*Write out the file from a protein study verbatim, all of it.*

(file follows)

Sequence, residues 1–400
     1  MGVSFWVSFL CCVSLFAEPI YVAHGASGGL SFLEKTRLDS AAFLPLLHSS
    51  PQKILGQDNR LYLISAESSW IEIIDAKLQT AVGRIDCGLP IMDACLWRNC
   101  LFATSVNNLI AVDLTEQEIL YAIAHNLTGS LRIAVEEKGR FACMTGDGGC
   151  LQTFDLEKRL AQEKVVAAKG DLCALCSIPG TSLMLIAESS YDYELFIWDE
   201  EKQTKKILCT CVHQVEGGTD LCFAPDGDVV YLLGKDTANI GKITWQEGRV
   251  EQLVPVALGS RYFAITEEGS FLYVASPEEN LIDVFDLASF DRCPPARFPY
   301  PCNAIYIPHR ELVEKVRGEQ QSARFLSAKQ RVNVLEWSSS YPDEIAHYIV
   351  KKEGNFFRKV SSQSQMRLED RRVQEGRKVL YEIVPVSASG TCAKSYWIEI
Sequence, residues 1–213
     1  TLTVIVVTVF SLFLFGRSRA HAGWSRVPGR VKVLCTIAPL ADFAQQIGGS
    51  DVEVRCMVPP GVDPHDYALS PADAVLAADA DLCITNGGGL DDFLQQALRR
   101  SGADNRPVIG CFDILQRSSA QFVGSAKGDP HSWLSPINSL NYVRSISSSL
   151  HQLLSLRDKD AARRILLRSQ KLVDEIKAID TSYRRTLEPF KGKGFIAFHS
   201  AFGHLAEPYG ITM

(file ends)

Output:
Sequence, residues 1–400
     1  MGVSFWVSFL CCVSLFAEPI YVAHGASGGL SFLEKTRLDS AAFLPLLHSS
    51  PQKILGQDNR LYLISAESSW IEIIDAKLQT AVGRIDCGLP IMDACLWRNC
   101  LFATSVNNLI AVDLTEQEIL YAIAHNLTGS LRIAVEEKGR FACMTGDGGC
   151  LQTFDLEKRL AQEKVVAAKG DLCALCSIPG TSLMLIAESS YDYELFIWDE
   201  EKQTKKILCT CVHQVEGGTD LCFAPDGDVV YLLGKDTANI GKITWQEGRV
   251  EQLVPVALGS RYFAITEEGS FLYVASPEEN LIDVFDLASF DRCPPARFPY
   301  PCNAIYIPHR ELVEKVRGEQ QSARFLSAKQ RVNVLEWSSS YPDEIAHYIV
   351  KKEGNFFRKV SSQSQMRLED RRVQEGRKVL YEIVPVSASG TCAKSYWIEI
Sequence, residues 1–213
     1  TLTVIVVTVF SLFLFGRSRA HAGWSRVPGR VKVLCTIAPL ADFAQQIGGS
    51  DVEVRCMVPP GVDPHDYALS PADAVLAADA DLCITNGGGL DDFLQQALRR
   101  SGADNRPVIG CFDILQRSSA QFVGSAKGDP HSWLSPINSL NYVRSISSSL
   151  HQLLSLRDKD AARRILLRSQ KLVDEIKAID TSYRRTLEPF KGKGFIAFHS
   201  AFGHLAEPYG ITM